In doo-doo we trust
Journalists of all stripes were aghast this past Sunday, as the august New York Times printed column inch after column inch detailing the lies and deception of reporter Jayson Blair -- all under the blind eye of superiors. How could this have happened? Is our most trusted news source to be trusted? "Jaysongate," as the New York media dubbed it, is another low point in the history of journalism.
Unfortunately, it didn't take long to sink even lower, this time with "Pottygate." The journalistic snafus were less drastic, but the smell was distinctly malodorous. For those who usually keep their minds out of the toilet, here's the poop: Microsoft's cheeky MSN UK division announced on May 2 that it was developing the iLoo, a device with a flat panel display and WiFi Net access, which came embedded in port-a-potties. The test run was set for summer festivals in England. National outlets and wire stories covered the story, albeit with a bit of humor.
As people started to make fun of the notion of the "Pee-C," a rival inventor stepped forward, telling the Inquirer that Microsoft must have borrowed his idea for a device also called the iLoo. Despite many initial stories running lines saying "Microsoft denied that this was a joke," on Tuesday the company reversed course, saying now that the whole thing was an April Fools' joke. At this point, the press was free and clear to dump on the software giant, as they themselves felt pretty, uh, soiled.
Sometime Tuesday afternoon, a search for "iLoo" at Google News had the effect of bringing a string of one-liners. Here's a sampling:
MS Flushes Out iLoo Rumors (The Statesman of India)
Microsoft: iLoo Idea Full of Poop (Wired News)
Microsoft Admits iLoo was a Load of Crap (Independent Online of South Africa)
Software Titan Poo-Poos iLoo (New York Post)
But the saga wasn't over yet, as Microsoft soon reversed course yet again, admitting that the project had indeed been real, but was now killed by Microsoft HQ. MSN UK's Consumer Press Officer Demelza Fryer-Saxby wrote to me, saying it was all caused by "people moving too quickly and who misspoke" and "miscommunication." That meant wire services such as The Associated Press and Reuters had to file three stories on the iLoo -- an announcement, a hoax story, and a non-hoax story. Reuters had already retracted its first story when it found out about the hoax. Now what? An un-retraction?
Most journos in the online world were less tainted by the scandal, and showed a bit more skepticism at the hoax announcement. News.com's Michael Kanellos loaded his "hoax" story with many caveats: the original annoucement was on May 2, not April 1; Microsoft had no history of fake press releases; and "U.K. natives now living in the United States could not recall any British tradition of pulling April Fools' stunts a month or so late," Kanellos wrote.
So when the news came out that the hoax was not really a hoax, Kanellos wasn't surprised, and thought the print media would bear the brunt. "I think you'd have to stretch to say that we gave the hoax theory much credence [at News.com]," Kanellos wrote me. "We certainly gave it less than our allegedly more sober collegues in print. It might hurt Microsoft credibility a bit, but who cares. They care about two classes of people: customers and investors. The press and governement are low on the totem pole. Sad to say, it's part of their success."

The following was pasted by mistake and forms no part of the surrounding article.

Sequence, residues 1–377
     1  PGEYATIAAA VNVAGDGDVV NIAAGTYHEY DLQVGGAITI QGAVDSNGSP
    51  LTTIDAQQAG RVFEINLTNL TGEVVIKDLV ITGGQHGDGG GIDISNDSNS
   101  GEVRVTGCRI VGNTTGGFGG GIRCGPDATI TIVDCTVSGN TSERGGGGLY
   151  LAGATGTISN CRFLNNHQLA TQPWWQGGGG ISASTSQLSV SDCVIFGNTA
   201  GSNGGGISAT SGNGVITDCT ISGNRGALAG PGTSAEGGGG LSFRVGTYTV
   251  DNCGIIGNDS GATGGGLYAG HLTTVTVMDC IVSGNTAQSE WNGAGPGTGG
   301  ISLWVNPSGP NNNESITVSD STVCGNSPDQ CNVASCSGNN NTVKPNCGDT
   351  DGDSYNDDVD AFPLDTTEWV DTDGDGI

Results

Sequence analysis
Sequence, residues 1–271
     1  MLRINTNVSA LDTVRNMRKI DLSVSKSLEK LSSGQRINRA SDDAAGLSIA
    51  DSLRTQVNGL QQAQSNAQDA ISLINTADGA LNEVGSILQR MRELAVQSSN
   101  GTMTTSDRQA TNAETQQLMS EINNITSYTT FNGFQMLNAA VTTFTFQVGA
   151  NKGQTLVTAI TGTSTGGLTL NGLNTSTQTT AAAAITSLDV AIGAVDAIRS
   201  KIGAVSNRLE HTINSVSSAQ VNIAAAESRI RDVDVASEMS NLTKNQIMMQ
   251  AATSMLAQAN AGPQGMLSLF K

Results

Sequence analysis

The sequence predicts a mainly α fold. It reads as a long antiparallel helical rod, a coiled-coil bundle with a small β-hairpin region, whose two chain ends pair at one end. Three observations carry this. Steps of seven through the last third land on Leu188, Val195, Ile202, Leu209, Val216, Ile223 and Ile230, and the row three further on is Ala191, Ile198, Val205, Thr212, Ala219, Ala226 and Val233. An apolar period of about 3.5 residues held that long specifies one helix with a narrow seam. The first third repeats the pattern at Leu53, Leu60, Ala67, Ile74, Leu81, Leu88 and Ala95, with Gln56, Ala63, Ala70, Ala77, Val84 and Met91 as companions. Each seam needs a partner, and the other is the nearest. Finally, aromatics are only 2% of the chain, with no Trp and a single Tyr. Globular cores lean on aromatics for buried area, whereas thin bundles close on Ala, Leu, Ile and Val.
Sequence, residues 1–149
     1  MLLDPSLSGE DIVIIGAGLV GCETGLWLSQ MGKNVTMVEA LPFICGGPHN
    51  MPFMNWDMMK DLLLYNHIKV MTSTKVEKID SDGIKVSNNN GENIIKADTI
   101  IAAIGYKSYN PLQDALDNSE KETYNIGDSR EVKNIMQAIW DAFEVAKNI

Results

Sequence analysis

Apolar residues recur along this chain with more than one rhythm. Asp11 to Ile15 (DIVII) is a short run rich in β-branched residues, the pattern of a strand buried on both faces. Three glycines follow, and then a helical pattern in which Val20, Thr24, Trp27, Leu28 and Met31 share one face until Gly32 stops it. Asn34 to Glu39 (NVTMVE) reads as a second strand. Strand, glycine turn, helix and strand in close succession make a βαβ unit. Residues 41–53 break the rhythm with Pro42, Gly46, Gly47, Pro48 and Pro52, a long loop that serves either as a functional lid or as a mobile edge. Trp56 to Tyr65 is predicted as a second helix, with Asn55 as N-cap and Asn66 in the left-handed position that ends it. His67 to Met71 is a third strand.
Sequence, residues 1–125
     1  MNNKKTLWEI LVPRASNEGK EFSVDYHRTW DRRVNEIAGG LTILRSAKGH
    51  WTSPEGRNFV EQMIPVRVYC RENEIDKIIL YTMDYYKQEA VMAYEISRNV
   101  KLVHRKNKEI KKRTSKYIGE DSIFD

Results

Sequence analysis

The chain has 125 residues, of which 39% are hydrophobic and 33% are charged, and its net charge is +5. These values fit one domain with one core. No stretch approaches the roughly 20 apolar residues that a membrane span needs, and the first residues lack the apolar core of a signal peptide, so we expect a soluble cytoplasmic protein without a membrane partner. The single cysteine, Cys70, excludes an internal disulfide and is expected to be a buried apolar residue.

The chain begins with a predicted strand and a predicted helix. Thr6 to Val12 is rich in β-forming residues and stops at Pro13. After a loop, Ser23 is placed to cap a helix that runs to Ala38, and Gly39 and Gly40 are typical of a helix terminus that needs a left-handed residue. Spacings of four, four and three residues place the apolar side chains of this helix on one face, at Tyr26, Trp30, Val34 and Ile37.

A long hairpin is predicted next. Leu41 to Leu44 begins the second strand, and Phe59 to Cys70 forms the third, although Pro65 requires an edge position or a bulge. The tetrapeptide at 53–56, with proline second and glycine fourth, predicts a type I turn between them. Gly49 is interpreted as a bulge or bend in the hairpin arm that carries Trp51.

Mike Masnick, who runs the research firm and Weblog Techdirt, thought that the iLoo non-story exposed weak fact-checking at big news organizations. "Just look at Jayson Blair and the New York Times," he told me. "You're not going to fact check interviews with soldiers injured in Iraq or interrogation miscues in the D.C. sniper case, do you really think you're going to fact-check an Internet-connected shitter?"
Masnick noted that the online news source Neowin.net had run a detailed interview with a Microsoft marketing manager about iLoo plans, so the possibility of a hoax seemed remote. But still, the idea sounded so weird in the first place, it was eminently believable that this was just another high-tech prank by Microsofties -- in Britain, to boot.
The final mess
So how would the press cover the non-hoax story in the end? With a great big dollop of humor. The San Jose Mercury News' columnist Mike Cassidy wrote that "it has left Microsoft open to jokes that its marketing efforts are in the toilet." And further: "The rocket rise to international fame for the iLoo is no doubt a story for the textbooks. (See, chapter 'What Not to Do.') It involved a global company and the warp speed news spreads in the era of the Internet." Cassidy later told me that some readers weren't laughing at his gaiety, noting that getting a story wrong is not a joke to them.
But Europemedia had no problem taking the news, uh, sitting down. The Euro news site ran a story full of puns and jokes on the debacle under the over-hyphenated headline: "Wi-fi-while-you-wee-wee not load of crap after all, but dumped anyway." It's almost as if all of Microsoft's pronouncements, misprounouncements and missed pronouncements had given the press free reign to write whatever they wanted.
Yuks aside, the problem here is one of trust. You trust Microsoft's press releases to be real. You trust wire stories to be fact-checked and correct. You trust further communication by Microsoft officials and flacks to be honest. You want to trust their final version of the truth. So you are left in a bind, tongue-tied, eyes crossed, head spinning. Maybe the only place to ponder this is the last unwired, unconnected place left for humanity: the toilet.